Evaluation of monitoring readings, taking into account each patient’s pathology as well as the impact of every medical intervention can guide us to make optimal clinical decisions in the periopeative setting. We present three cases in which clinical decisions concerning the management of acute perioperative pulmonary hypertension were based both on haemodynamic monitoring readings and on each patient’s specific pathology. First case: After anesthesia induction in a patient with severe aortic valve insufficiency, an increase in pulmonary artery pressure was recorded. Infusion of isoprenaline, which has a positive chronotropic effect, decreased diastolic time, diastolic blood flow into the left ventricle and also pulmonary artery pressure. Second case: A patient with severe aortic valve stenosis was found with increased pulmonary artery pressure. Intravenous administration of atenolol (1+1mg) reduced the heart rate and the pulmonary artery pressure. Third case: A 15 year old patient with aortic isthmus rupture underwent open surgical repair with graft interposition. After establishment of one lung ventilation and left thoracotomy, pulmonary artery pressure increased. Pulmonary hypertension was managed successfully by oxygen insufflation to the non-ventilated left lung. In our first patient, heart rate increase reduced diastolic time, which decreased the amount of retrograde blood flow into the left ventricle through the regurgitant aortic valve. In the second patient, the heart rate reduction decreased blood flow velocity through the stenotic aortic valve as well as the pressure gradient between left ventricular chamber and aorta. In both patients, enhanced left ventricular function resulted in a reduction in pulmonary artery pressure. Decrease of the alveolar partial pressure of oxygen (PAO2) is the most important parameter that stimulates hypoxic pulmonary vasoconstriction. Oxygen insufflation increased PAO2, resulting in a decrease in pulmonary artery pressure .Clinical decisions based on haemodynamic monitoring readings resulted in effective management of pulmonary hypertension and in a good patient outcome.

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The interaction between increased Intra Abdominal Pressure (IAP) and Intrathoracic Pressure under different Positive End Expiratory Pressure (PEEP) levels is intriguing, since these two conditions coexist frequently in several clinical settings. The aim of our study was to investigate the interaction between different PEEP levels and increased IAP during laparoscopic cholecystectomy. In fifty two patients, who underwent scheduled laparoscopic cholecystectomy, cardiovascular parameters were determined by an Oesophageal Doppler Monitor device during two different time periods, before and after pneumoperitoneum, and under five conditions: (i) PEEP 0 cmH2O (ii) PEEP 5cm H2O (iii) PEEP 10cm H2O (iv) PEEP 15cm H2O and (v) in the absence of PEEP or ventilation. Cardiac output and stroke volume showed a statistically significant decrease compared to the baseline value after the application of different PEEP levels, when there was no pneumoperitoneum (p<0.05). However, both parameters increased, when PEEP and pneumoperitoneum were applied together (p<0.001). Corrected flow time, peak flow velocity in the descending thoracic aorta and mean acceleration showed similar alterations but not at all PEEP levels. Finally, αt the no PEEP or ventilation phase, the negative effects of increased IAP on the cardiocirculatory function were predominant. According to these results, application of PEEP seems to counterbalance the negative hemodynamic effects of increased IAP. Moreover, it could also be concluded that ‘ideal’ PEEP level might be the one that borders the IAP level, since the best cardiac output and stroke volume values were reported at that point.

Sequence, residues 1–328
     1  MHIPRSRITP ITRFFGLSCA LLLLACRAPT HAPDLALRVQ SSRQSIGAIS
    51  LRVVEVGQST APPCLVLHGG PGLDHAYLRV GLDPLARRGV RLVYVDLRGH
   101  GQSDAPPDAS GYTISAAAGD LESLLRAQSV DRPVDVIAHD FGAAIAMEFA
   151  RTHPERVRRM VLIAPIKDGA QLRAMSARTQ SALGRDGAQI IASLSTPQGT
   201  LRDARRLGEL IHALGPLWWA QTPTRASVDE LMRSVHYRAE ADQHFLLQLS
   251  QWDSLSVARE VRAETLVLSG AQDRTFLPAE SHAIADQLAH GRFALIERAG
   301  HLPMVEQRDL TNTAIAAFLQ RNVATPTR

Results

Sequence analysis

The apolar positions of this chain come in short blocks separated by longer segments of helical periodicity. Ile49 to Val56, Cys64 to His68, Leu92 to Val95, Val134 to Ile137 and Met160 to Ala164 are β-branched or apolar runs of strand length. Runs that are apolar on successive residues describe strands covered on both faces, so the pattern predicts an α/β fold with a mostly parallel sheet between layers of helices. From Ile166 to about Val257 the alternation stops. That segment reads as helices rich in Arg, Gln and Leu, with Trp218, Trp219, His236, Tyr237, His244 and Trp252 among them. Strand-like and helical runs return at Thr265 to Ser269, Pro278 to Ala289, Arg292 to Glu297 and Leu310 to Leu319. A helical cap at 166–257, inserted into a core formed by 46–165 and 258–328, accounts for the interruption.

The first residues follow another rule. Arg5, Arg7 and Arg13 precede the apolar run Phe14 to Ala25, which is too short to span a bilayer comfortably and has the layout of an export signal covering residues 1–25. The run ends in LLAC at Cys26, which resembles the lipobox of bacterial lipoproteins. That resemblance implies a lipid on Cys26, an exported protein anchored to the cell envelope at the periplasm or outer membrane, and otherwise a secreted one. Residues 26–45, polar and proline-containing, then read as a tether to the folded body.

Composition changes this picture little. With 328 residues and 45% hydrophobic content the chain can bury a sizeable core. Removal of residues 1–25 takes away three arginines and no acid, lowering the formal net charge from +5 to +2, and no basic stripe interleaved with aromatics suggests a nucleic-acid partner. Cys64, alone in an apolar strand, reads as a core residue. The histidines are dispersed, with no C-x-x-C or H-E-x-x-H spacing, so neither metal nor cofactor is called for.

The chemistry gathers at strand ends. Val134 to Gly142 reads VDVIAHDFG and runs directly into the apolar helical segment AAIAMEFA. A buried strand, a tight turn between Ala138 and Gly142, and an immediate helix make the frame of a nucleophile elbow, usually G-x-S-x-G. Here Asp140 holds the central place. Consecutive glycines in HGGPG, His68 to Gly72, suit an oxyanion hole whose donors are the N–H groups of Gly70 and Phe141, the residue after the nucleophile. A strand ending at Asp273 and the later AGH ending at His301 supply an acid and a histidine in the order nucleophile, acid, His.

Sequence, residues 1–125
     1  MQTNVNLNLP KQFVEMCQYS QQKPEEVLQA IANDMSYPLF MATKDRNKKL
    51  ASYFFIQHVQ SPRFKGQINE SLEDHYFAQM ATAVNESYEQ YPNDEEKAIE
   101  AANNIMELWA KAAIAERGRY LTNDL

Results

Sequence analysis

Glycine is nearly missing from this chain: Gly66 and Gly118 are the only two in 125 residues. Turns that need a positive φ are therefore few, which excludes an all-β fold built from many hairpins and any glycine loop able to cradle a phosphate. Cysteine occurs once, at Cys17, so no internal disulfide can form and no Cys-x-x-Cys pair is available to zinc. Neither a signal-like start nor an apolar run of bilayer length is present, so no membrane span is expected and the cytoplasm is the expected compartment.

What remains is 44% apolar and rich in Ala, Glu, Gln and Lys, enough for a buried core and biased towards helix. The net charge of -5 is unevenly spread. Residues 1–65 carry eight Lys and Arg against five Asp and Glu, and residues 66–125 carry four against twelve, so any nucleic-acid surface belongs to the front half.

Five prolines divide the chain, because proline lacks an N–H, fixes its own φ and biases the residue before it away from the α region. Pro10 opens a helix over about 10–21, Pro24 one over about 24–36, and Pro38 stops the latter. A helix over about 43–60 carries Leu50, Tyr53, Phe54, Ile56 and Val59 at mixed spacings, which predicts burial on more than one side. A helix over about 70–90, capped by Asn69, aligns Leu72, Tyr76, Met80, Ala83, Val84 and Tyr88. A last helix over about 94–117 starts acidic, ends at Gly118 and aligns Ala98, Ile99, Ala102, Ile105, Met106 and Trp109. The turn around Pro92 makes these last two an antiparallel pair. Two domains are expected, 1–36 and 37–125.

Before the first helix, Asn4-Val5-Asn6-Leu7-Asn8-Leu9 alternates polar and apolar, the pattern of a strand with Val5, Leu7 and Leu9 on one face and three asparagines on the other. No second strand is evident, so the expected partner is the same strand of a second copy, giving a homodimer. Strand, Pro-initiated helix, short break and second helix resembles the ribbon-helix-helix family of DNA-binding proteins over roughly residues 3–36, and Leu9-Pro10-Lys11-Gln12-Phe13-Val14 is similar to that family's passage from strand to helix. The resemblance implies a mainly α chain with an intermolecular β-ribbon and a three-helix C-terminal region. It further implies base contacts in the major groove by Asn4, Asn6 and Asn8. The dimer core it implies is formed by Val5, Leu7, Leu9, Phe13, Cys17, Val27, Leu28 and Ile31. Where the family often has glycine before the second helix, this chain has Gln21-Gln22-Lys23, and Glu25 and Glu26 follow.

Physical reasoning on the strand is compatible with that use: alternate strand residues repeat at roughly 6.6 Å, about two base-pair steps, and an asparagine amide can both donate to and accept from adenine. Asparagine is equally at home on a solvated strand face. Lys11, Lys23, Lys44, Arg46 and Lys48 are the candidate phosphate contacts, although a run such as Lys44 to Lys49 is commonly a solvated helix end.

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Factors affecting cardiac function in dialysis patients include arterial blood pressure, anemia, intra-vascular volume and the arteriovenous fistula (AVF). We investigated the acute and chronic effects of basilic vein transposition (mean upper arm brachial artery-basilic vein anastomosis) on both the cardiovascular system and the oxygen status.

Sixteen patients with end stage renal failure were enrolled in this study. Patients with heart failure, pericardial effusion or valvular heart disease were not included in the study. Echocardiography (preoperatively and six months after, stages 1 and 2 respectively) and a Swan-Ganz catheter (perioperatively) were used to assess the hemodynamic status during the phases of AVF construction. Flow measurements were made in the parts of the AVF system before, during and after the construction of the AVF.Moreover, at the same time phases blood sampling from the arterial line and the pulmonary artery catheter was performed, in order to assess oxygen and acidbase status.

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